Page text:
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Hans Freudenthal (1905–1990) was a Dutch mathematician, born in Luckenwalde, Germany. His scientific activities were of a rich variety. Enrolling at the University of Berlin as a student in the 1920s, he followed in the footsteps of his teachers, and became a topologist, but with a lively interest in group theory. Later in life, after a long journey through the realm of mathematics, working on almost all subjects that drew his interest, he turned towards the practical and methodological issues of the didactics of mathematics.
The present Selecta are devoted to Freudenthal’s mathematical oeuvre, they contain a selection of his major contributions. Included are fundamental contributions to topology such as the foundation of the theory of ends (in the thesis of 1931), the introduction (in 1937) of the suspension and its use in stability results for homotopy groups of spheres. In group theory there is work on topological groups (of the 1930s) and on various aspects of the theory of Lie groups, such as a paper on automorphisms of 1941. From the later work of the 1950s and 1960s, papers on geometric aspects of Lie theory (geometries associated to exceptional groups, space problems) have been included. Freudenthal’s versatility is further demonstrated by a choice from his foundational and historical work: papers on intuitionistic logic and topology, a paper on axiomatic geometry reappraising Hilbert’s Grundlagen, and a paper summarizing his development of Lincos, a universal (“cosmic”) language.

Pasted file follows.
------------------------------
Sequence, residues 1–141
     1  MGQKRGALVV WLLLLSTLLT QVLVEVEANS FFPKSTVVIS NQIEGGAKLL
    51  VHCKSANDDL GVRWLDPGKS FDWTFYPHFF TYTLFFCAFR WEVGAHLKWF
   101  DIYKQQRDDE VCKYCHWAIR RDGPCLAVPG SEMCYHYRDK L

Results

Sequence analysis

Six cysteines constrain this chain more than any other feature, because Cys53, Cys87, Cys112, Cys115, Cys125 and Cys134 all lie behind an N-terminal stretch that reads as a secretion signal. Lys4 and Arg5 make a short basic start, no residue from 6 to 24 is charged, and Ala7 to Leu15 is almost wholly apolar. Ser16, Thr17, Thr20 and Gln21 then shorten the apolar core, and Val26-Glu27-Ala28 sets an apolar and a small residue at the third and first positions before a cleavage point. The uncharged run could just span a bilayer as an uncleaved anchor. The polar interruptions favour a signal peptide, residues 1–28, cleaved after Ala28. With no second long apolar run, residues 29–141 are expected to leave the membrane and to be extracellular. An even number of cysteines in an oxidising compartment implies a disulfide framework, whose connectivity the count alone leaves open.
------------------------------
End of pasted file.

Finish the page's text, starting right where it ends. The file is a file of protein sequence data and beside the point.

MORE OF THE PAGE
The book also contains a sketch of Freudenthal’s life. Most of the selected papers are accompanied by brief comments.